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Opinion: 'I went vegan... because quite simply the way I had been eating no longer made sense at all'

As more people start moving towards a vegan diet in Ireland and beyond, cookbook author Holly White writes about why she went vegan.

Holly White

AS SOMEONE WHO has eaten their share of steaks, burgers and processed junk food over the years, writing about how I went vegan naturally brings up some nerves. But the reality is we all have a journey and a story to tell – so this is mine. 

Currently, around 2% of people in Ireland are vegan, and 8% are vegetarian, and a new report from the UK showed that the number of vegans has quadrupled  in the past four years – from 150,000 to 600,000.

Here’s where it began with me. When I was about 19 I read a book titled Eat Right 4 Your Type, The Blood Type Diet. This book stated that being a blood type ‘O’ I should base my diet around lean beef, high protein and low dairy and grain.

This became the ethos of how I thought I should eat for the best part of 10 years and I cut out dairy and lowered gluten based products in my diet. I knew where the best burgers could be found and felt somewhat hearty tucking into steak. Initially, I felt my diet guidelines were very beneficial and as if I had something that suited me.

‘Raw and vegan diets seemed strange’

I live in Dublin now, but when I was in LA I lived with people eating raw and vegan diets. At the time I thought this was unbelievably strange and limited, but I couldn’t deny I adored vegan cheesecakes, which I first tasted there, and liked that you could get all the texture and taste of cheesecake without dairy. Also shakes made with almond milk, dates and raw cacao were equally incredible and I didn’t feel bloated and ill like I would with dairy.

I was intrigued but quite steadfast in believing that following a traditional diet was perhaps more important than following my intuition at the time.

With the arrival of Netflix over the past few years I watched Fat, Sick and Nearly Dead, Vegucated, Earthlings, and Forks Over Knives and most importantly Leonardo DiCaprio’s film Cowspiracy (all are on Netflix and most on YouTube) and within those hours my mind was opened and also changed.

However – I am aware documentaries are dramatised, and the ones I watched were US-based where different food production methods are different to here in Ireland. But it had an effect on me that’s stuck.

‘It made no sense’

A holiday in Portugal where I completed a week’s juice fast cemented the decision. My skin was clearer than it had been in months and contrary to what I might have assumed I was full of energy, both mental and physical, by the fourth day.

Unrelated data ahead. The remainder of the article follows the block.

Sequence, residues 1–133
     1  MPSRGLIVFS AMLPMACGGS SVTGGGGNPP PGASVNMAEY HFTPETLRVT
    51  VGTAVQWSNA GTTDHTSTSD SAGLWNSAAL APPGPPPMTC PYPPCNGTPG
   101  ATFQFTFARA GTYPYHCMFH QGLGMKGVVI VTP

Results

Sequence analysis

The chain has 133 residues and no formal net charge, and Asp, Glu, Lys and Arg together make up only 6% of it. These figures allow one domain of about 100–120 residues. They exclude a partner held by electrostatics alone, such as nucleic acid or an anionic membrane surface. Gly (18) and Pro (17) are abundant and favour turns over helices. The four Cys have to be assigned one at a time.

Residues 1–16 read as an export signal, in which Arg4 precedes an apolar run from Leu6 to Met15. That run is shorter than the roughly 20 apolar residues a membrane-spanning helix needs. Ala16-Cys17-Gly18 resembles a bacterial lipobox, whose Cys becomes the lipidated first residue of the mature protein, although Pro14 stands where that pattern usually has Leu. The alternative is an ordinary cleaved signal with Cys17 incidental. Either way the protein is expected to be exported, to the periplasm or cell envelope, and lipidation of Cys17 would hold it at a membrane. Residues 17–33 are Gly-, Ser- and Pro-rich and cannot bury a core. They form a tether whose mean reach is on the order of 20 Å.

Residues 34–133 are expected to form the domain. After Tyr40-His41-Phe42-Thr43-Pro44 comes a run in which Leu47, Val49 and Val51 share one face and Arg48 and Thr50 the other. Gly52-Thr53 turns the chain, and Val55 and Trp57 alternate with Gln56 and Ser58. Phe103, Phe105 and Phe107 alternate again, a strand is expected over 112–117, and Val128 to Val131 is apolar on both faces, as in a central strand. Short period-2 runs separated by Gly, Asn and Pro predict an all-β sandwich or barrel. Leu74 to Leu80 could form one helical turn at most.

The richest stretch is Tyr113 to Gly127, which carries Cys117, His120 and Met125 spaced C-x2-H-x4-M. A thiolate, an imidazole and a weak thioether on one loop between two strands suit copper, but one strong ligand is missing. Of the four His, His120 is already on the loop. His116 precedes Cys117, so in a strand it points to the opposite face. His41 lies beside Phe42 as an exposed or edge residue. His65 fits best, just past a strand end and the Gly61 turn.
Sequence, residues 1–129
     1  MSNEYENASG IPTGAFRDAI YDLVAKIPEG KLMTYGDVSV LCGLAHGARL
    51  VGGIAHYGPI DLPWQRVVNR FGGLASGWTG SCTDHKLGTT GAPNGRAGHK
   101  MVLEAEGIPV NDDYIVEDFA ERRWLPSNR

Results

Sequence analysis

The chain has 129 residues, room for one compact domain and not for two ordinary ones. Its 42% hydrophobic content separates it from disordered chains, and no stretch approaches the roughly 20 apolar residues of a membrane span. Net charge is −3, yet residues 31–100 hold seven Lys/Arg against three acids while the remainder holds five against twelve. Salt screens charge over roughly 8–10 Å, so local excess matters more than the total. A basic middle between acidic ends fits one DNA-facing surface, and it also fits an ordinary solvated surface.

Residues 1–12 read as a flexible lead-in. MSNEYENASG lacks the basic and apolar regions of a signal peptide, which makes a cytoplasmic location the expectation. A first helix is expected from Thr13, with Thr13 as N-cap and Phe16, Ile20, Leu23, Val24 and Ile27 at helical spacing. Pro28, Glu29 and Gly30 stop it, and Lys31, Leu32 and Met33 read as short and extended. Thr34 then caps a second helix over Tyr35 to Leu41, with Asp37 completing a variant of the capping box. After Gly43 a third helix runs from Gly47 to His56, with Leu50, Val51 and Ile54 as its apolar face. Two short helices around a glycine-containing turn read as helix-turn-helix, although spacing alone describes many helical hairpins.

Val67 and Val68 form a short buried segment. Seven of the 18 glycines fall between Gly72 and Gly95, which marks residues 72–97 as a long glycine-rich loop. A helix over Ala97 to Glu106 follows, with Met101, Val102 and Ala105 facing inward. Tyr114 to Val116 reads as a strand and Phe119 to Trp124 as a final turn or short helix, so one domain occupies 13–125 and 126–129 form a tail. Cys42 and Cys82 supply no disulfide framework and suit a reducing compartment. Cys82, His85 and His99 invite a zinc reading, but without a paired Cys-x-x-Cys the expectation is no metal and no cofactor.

Quite simply, the way I had been eating no longer made sense at all and post detox I lost a taste for red meat and chicken. I hadn’t been eating it much, maybe two – three times a week, but assumed that it was somewhat essential for me to maintain my health.

But instead, I decided to trust my instincts based upon how I felt after watching all those films and educating myself. It sounds naive but I hadn’t really thought about the process that led to my being able to pick up meat in a supermarket. 

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‘I don’t want to spend hours in the kitchen’

Initially I was so enthusiastic and full of curiosity trying out new recipes and my energy stayed the same, but after a few months when I got lazy I noticed a massive drop in my energy levels.

I enrolled in cooking classes and had to learn how to make the kinds of foods that now form the backbone of my diet: plant-based milks, hearty main courses, dairy-free yogurts, delicious desserts and tasty snacks.

I now cook about 85% of the food I eat every week at home. Naturally I love cooking but I don’t want to spend hours in the kitchen so when it came time to creating my first book, which came out this summer, I wanted to ensure that everything was practical and that all ingredients could be easily sourced. 

At times it feels like being vegan is more work because it’s not always convenient, but overall it’s not that much extra effort. I get my bloods tested annually by my GP and all my iron levels are always perfect. 

The reality is that things change. There was a time I loved chicken fillet burgers washed down with a fizzy drink, but I’m much happier with how I am eating now.

Maybe things will evolve in a few years to come, but I feel above all else I will trust my instincts over any advertising campaigns. I feel my skin looks better at 35 than it did a decade ago and my weight maintains itself evenly. Most importantly, I have a mental clarity that I never had before. 

Holly White’s Vegan-ish: A Gentle Introduction to a Plant- Based Diet is published by Gill Books priced €22.99.  

About the author:

Holly White

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